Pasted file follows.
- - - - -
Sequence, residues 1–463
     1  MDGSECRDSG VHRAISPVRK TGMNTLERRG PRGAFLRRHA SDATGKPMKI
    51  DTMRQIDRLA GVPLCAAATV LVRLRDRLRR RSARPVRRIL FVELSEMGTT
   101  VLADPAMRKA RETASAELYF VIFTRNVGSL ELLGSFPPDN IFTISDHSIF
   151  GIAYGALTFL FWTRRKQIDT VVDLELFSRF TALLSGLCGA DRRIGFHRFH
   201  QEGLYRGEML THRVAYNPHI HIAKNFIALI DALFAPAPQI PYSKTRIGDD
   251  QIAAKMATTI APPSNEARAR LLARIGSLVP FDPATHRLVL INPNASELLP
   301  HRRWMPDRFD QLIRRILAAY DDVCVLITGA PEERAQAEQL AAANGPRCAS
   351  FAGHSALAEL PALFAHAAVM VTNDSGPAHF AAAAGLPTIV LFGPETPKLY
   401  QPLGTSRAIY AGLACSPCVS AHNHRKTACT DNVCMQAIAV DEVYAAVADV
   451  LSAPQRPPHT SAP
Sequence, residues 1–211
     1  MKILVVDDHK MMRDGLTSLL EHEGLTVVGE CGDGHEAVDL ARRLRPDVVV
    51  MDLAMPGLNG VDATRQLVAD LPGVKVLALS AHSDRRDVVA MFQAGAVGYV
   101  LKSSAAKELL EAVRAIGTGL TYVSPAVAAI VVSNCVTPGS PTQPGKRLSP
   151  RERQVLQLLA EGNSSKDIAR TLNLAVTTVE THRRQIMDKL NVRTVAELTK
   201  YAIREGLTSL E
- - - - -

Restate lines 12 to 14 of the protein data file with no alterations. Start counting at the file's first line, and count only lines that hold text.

Sequence, residues 1–211
     1  MKILVVDDHK MMRDGLTSLL EHEGLTVVGE CGDGHEAVDL ARRLRPDVVV
    51  MDLAMPGLNG VDATRQLVAD LPGVKVLALS AHSDRRDVVA MFQAGAVGYV